going to a gym. Just one guy's opinion...
                    Best wishes to all,
                    Duncan Orr
                    Miway, UT

                    >Greg:
                    >
                    >I think a little lifting can go along way but have purposely stayed away
                    >from it since
                    >straining my achilles/calfs back in 1996 preparing for Pueblo Nuevo 100.
                    >Of course I
                    >was probably lifting too much and doing my squats too deep. My strategy
                    >in preparing
                    >for 100s is to find terrain similar to what I'll be racing on and that has
                    >made a huge
                    >difference in my success. That means that I'll be spending weekends this
                    >Spring and
                    >Summer on steep mountain trails that can only be hiked up with grades
                    >comparable to
                    >Hardrock. In using this approach, I've managed to go under 24 hours at
                    >Angeles Crest,
                    >Western States (98-snow year), and Old Dominion and have run 18:34 at
                    >Rocky despite
                    >being only slightly above average in talent. Of course what I lack in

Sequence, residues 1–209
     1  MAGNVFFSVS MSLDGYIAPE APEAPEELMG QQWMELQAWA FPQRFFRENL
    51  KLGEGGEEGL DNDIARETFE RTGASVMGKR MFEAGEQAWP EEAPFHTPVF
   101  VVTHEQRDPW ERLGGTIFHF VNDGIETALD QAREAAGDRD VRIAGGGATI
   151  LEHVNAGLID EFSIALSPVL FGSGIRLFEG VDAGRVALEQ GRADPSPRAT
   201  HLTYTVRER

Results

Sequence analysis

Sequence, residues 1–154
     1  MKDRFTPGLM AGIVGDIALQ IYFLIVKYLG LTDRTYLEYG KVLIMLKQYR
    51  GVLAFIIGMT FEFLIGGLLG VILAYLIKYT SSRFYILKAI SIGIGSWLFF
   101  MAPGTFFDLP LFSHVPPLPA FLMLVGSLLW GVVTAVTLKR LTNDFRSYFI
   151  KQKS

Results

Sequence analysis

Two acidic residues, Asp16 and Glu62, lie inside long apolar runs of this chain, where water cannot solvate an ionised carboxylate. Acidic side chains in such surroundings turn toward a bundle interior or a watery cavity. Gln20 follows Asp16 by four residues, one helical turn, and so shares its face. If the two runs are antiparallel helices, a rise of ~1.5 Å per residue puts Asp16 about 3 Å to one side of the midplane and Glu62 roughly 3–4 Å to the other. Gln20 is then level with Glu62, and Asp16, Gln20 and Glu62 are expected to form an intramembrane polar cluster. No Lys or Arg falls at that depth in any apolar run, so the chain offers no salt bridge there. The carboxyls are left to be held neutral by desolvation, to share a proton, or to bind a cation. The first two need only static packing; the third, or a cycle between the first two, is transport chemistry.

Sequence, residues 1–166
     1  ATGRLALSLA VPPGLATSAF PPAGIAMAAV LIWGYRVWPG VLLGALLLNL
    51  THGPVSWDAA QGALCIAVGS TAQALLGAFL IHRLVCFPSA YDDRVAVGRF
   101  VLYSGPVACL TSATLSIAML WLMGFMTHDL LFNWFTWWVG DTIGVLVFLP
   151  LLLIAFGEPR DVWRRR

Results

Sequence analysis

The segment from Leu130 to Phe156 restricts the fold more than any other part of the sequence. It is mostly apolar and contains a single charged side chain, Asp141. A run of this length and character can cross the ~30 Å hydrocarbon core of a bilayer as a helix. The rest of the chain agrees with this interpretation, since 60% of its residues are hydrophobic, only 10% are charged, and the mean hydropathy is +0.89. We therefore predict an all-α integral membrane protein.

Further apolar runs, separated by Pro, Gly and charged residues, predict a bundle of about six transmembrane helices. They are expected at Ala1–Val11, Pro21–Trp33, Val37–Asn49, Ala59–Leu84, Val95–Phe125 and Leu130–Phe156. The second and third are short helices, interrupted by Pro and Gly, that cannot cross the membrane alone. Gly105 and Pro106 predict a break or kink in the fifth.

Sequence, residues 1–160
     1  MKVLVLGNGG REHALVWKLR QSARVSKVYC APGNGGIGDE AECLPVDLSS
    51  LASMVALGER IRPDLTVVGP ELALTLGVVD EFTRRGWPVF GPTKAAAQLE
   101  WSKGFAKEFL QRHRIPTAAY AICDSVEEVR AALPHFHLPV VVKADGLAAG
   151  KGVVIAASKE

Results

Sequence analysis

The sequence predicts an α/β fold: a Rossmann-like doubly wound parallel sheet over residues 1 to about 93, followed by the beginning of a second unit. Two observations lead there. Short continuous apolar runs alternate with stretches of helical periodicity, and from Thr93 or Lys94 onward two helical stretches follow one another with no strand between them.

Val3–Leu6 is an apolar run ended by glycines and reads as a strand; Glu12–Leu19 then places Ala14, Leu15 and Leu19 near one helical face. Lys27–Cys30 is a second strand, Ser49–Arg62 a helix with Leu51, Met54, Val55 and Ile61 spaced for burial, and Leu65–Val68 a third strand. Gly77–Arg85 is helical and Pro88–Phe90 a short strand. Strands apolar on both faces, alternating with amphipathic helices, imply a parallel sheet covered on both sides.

>talent, I
                    >compensate for with persistence. My preparation for Rocky, because of its
                    >gently
                    >rolling terrain, consisted of several road marathons including one on each
                    >of the 2
                    >weekends preceding the race, run at 3:50-3:55 pace. I firmly believe that
                    >terrain-specific training is a sure-fire approach. Best of luck in your
                    >training and
                    >I'll see you at Hardrock.
                    >
                    >Regards,
                    >Bill Ramsey
                    >Aliso Viejo, CA
                    >
                    >Loomis wrote:
                    >>
                    >> Hello Hardrockers,
                    >>
                    >> I am curious to the training skeems of you all. How many people do
                    >> or recommend weight training such as Squats/leg press. Matt I know you
                    >> are a big wieght trainer and lower mileage runner. Anyone do 70-100 per
                    >> week and lift? I have never lifted with my legs but think it may be
                    >> worth it to prepare for this "hiker" type of course. Thoughts or
                    >> opinions????
                    >>
                    >> Thanks,
                    >> Greg Loomis
                    >>
                    >> ------------------------------------------------------------------------
                    >> To Post a message, send it to: hr100@...
                    >> To Unsubscribe, send a blank message to: hr100-unsubscribe@...
                    >>
                    >> ------------------------------------------------------------------------
                    >> Planning a party? iParty.com is your complete source for party planning and
                    >> supplies, with everything you need to throw the perfect party!
                    >> http://click.egroups.com/1/1635/1/_/382674/_/952444642/
                    >>
                    >> -- Check out your group's private Chat room
                    >> -- http://www.egroups.com/ChatPage?listName=hr100&m=1
                    >
                    >
                    >